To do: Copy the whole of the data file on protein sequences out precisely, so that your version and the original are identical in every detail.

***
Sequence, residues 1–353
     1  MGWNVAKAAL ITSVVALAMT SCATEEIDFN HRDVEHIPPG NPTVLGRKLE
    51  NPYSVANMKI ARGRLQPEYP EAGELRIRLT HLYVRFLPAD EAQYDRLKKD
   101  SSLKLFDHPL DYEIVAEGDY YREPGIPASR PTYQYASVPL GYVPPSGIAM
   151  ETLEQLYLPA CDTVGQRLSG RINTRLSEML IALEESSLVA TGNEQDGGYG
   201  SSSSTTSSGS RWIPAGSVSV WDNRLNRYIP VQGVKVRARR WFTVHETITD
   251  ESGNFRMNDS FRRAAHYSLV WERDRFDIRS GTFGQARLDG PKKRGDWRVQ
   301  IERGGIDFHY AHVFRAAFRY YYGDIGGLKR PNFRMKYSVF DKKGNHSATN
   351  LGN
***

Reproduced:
Sequence, residues 1–353
     1  MGWNVAKAAL ITSVVALAMT SCATEEIDFN HRDVEHIPPG NPTVLGRKLE
    51  NPYSVANMKI ARGRLQPEYP EAGELRIRLT HLYVRFLPAD EAQYDRLKKD
   101  SSLKLFDHPL DYEIVAEGDY YREPGIPASR PTYQYASVPL GYVPPSGIAM
   151  ETLEQLYLPA CDTVGQRLSG RINTRLSEML IALEESSLVA TGNEQDGGYG
   201  SSSSTTSSGS RWIPAGSVSV WDNRLNRYIP VQGVKVRARR WFTVHETITD
   251  ESGNFRMNDS FRRAAHYSLV WERDRFDIRS GTFGQARLDG PKKRGDWRVQ
   301  IERGGIDFHY AHVFRAAFRY YYGDIGGLKR PNFRMKYSVF DKKGNHSATN
   351  LGN